Hiromi Goto won the 1995 Commonwealth Writers' Prize for her first novel, Chorus of Mushrooms.
Hiromi Goto was born in Chiba-ken, Japan, near Tokyo. In 1969, when she was three years old, her family immigrated to Canada. They lived on the west coast of British Columbia for eight years before moving to Nanton, Alberta, where her father fulfilled a dream of starting a mushroom farm. Hiromi attended the University of Calgary, and graduated in 1989 with a B.A. in Humanities (English and Art). Her eighty-year old grandmother did tell her Japanese stories when she was growing up. Her work is also influenced by her father’s stories of life in Japan. These stories often featured ghosts and folk creatures such as the kappa — a small creature with a frog’s body, a turtle’s shell and a bowl-shaped head that holds water.
Her novel, A Chorus of Mushrooms (1994), received the Commonwealth Writers' Prize for Best First Book in the Caribbean and Canadian Region and was co-winner of the Canada-Japan Book Award. Her short stories and poetry have been widely published in literary journals. Her second novel, The Kappa Child (2001) was nominated for the Sunburst Award for Literature of the Fantastic and for the Commonwealth Prize for Best Regional Book. The Kappa Child was awarded the James Tiptree Jr. Memorial Award. Her first children’s novel, The Water of Possibility was also published in 2001. Hiromi is an active member of the literary community, a writing instructor and editor. She is also the mother of two children and lives in Burnaby, B.C.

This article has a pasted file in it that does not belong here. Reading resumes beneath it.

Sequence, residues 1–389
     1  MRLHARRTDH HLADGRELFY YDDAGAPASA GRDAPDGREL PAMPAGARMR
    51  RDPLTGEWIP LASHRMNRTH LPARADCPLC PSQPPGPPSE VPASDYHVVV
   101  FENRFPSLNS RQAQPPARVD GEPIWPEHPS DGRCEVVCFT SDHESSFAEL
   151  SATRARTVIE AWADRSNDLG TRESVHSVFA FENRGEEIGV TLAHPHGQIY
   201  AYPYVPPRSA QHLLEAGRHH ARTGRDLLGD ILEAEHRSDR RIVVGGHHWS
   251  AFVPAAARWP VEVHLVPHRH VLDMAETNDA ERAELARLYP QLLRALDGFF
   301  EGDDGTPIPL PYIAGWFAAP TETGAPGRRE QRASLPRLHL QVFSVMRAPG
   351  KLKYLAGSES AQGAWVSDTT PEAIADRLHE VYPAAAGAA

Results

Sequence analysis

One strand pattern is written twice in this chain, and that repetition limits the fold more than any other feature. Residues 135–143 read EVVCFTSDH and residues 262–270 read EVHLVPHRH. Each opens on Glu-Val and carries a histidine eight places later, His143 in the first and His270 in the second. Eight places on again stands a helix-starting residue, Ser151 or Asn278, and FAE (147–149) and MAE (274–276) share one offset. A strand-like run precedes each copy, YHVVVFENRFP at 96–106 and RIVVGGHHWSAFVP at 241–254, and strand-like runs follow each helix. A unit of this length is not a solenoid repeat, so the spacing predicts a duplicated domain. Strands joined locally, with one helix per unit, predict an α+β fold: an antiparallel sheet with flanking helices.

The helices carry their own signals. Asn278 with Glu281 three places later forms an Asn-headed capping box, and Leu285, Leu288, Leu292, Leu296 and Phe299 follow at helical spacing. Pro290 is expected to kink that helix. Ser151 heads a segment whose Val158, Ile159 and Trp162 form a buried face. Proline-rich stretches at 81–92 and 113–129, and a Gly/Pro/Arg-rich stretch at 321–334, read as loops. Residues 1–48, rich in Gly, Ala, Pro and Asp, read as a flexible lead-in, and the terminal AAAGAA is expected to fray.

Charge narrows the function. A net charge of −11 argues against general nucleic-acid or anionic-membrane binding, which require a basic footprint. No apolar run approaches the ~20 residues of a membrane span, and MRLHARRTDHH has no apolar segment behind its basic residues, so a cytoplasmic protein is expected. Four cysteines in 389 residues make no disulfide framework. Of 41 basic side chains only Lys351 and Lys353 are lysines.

- Bibliography of Works by and about Hiromi Goto
- “Words Like Buckshot: Taking Aim at Notions of Nation in Hiromi Goto’s Chorus of Mushrooms,” by Mari Sasano. (Published in Open Letter in 1998.)
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